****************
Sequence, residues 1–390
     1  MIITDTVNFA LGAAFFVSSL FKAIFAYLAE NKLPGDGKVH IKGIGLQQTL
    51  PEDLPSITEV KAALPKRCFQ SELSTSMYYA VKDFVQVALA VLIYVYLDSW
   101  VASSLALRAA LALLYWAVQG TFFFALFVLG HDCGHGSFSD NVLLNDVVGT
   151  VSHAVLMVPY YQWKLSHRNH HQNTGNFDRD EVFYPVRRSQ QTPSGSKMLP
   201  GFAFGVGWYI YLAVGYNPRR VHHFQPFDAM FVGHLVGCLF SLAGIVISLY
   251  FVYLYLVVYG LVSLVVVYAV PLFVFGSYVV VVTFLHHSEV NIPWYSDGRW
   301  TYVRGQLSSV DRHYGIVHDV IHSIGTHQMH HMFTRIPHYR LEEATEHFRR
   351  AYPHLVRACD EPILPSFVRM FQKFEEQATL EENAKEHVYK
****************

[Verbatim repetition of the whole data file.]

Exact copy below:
Sequence, residues 1–390
     1  MIITDTVNFA LGAAFFVSSL FKAIFAYLAE NKLPGDGKVH IKGIGLQQTL
    51  PEDLPSITEV KAALPKRCFQ SELSTSMYYA VKDFVQVALA VLIYVYLDSW
   101  VASSLALRAA LALLYWAVQG TFFFALFVLG HDCGHGSFSD NVLLNDVVGT
   151  VSHAVLMVPY YQWKLSHRNH HQNTGNFDRD EVFYPVRRSQ QTPSGSKMLP
   201  GFAFGVGWYI YLAVGYNPRR VHHFQPFDAM FVGHLVGCLF SLAGIVISLY
   251  FVYLYLVVYG LVSLVVVYAV PLFVFGSYVV VVTFLHHSEV NIPWYSDGRW
   301  TYVRGQLSSV DRHYGIVHDV IHSIGTHQMH HMFTRIPHYR LEEATEHFRR
   351  AYPHLVRACD EPILPSFVRM FQKFEEQATL EENAKEHVYK